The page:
How to Do a Seated Knee Tuck

How to Do a Seated Knee Tuck

We are searching data for your request:

Forums and discussions:
Manuals and reference books:
Data from registers:
Wait the end of the search in all databases.
Upon completion, a link will appear to access the found materials.

Target the top-lying abdominal muscle for a washboard effect.

Goodshoot/Goodshoot/Getty Images

If you've been trying for but have yet to achieve the six-pack stomach, your approach may be to blame. Along with eating a healthy diet and performing regular cardiovascular activity, the key to getting washboard abs is to incorporate a mix of exercises into your workout program that target your rectus abdominis, such as the seated knee tuck. The rectus abdominis is the top-lying abdominal muscle that extends from your mid-ribs to the pelvis. Include the knee tuck in your regimen two to three times per week and pretty soon fab abs will be yours.


Warm up with 10 minutes of moderately paced cardiovascular activity before performing any abdominal-strengthening exercises. The cardio helps the blood and oxygen move through your body, preparing it for exercise. Consider fitness walking, jogging or using the elliptical trainer.


Sit approximately 12 inches from the edge of a flat workout bench with your knees bent and feet flat on the floor. Place your hands on the bench next to each hip for stability. Pull your abdominal muscles in toward your spine as you flatten your lower back. Stick your chest out slightly, push the shoulder blades down and elongate your back to keep it straight throughout the exercise.


Lift your knees toward your chest, raising your feet off the floor, as you keep your torso upright. This is the starting position. Keep your knees and feet pressed together for the duration of the knee tuck.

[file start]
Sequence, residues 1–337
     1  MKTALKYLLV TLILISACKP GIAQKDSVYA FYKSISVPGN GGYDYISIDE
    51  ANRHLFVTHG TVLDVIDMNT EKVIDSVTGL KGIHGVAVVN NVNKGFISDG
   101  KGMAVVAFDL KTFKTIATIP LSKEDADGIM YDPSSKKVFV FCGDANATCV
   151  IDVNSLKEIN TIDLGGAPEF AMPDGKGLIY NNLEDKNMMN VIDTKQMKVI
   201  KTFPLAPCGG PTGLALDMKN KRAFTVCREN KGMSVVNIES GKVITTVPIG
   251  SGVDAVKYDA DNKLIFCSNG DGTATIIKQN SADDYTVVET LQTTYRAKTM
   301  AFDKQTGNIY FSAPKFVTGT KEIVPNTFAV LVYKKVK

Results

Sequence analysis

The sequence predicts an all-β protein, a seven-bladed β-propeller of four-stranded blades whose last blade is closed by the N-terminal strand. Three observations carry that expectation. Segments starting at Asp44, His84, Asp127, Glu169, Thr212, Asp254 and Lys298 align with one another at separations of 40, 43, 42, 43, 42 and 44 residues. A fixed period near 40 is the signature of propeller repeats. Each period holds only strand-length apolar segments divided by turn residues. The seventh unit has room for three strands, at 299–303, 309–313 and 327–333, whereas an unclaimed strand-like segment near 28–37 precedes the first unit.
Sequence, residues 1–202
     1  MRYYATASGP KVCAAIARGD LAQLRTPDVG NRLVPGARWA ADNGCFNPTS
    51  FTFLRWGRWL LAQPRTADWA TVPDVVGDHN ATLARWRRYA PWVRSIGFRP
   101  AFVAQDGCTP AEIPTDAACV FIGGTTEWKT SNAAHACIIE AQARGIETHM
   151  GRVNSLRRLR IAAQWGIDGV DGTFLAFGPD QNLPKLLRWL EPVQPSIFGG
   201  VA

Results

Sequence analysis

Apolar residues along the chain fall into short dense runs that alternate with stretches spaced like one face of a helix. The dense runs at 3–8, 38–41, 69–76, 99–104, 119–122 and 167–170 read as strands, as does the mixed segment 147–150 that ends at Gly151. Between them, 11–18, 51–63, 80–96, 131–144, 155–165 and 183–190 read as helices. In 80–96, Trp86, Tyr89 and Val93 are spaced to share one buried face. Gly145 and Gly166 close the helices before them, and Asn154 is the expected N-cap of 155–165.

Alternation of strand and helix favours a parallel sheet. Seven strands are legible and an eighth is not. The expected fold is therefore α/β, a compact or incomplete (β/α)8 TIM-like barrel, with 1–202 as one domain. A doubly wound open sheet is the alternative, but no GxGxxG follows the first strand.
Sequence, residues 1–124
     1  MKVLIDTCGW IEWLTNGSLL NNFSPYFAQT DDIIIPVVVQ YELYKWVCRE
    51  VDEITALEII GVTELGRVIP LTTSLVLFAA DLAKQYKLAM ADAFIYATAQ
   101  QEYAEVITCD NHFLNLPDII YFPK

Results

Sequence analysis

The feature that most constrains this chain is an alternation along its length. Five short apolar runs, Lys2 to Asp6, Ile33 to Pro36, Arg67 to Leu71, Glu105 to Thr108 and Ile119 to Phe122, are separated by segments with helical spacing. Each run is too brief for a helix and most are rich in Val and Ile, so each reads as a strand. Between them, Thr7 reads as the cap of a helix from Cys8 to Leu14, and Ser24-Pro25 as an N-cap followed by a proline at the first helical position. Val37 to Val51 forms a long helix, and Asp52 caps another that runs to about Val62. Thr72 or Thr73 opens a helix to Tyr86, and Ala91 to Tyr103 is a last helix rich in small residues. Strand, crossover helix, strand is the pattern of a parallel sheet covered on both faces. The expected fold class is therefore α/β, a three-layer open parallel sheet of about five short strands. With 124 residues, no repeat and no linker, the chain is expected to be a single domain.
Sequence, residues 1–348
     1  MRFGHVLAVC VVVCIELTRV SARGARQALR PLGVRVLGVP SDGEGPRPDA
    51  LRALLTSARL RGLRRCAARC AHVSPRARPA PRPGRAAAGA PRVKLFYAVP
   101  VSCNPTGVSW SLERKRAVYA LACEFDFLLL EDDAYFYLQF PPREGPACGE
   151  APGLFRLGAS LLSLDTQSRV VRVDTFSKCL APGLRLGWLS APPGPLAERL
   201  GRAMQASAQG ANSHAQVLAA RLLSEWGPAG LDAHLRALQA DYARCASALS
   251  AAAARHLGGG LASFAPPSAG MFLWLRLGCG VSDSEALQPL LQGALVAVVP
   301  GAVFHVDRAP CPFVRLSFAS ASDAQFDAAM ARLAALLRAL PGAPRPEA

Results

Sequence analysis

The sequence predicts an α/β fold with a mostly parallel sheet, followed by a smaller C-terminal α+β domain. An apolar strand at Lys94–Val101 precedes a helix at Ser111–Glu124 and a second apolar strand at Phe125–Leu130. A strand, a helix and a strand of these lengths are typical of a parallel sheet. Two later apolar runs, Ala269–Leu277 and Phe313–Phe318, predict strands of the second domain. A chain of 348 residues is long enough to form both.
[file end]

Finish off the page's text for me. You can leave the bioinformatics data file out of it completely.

Engage your abs and extend your legs straight and forward as you lower your torso toward the bench. Stop lowering when your shoulder blades are just above the surface of the bench. Keep a soft bend in your knees while your legs are extended.


Bring your knees and torso back together, in one motion, as you return to the starting position. Use your abdominal muscles to initiate the move rather than relying on momentum. Complete 10 to 15 repetitions.


Stretch your muscles to help them release and recover with a standing backbend. Stand tall with your feet slightly separated for stability. Tuck your tailbone slightly, lift your chest and press the shoulder blades down your back. Position your palms on your lower back. Push your hips forward as your chest lifts toward the ceiling and your lower and middle back arch, causing your shoulders and head to move backward. Hold the stretch for three to five breaths.

Things Needed

  • Flat workout bench


  • Increase the challenge of the knee tuck by holding a dumbbell between your feet or a weight plate on your chest. Make sure the resistance level allows you to perform between eight and 15 reps with proper form.


  • Avoid rushing through the seated knee tuck, which can compromise your form and may possibly cause injuries. Move slowly and consistently through the repetitions.
  • Consult with a physician before starting a new abdominal or fitness program. Let your doctor know if you have any injuries in your lower back, which may prevent you from performing the knee tuck safely.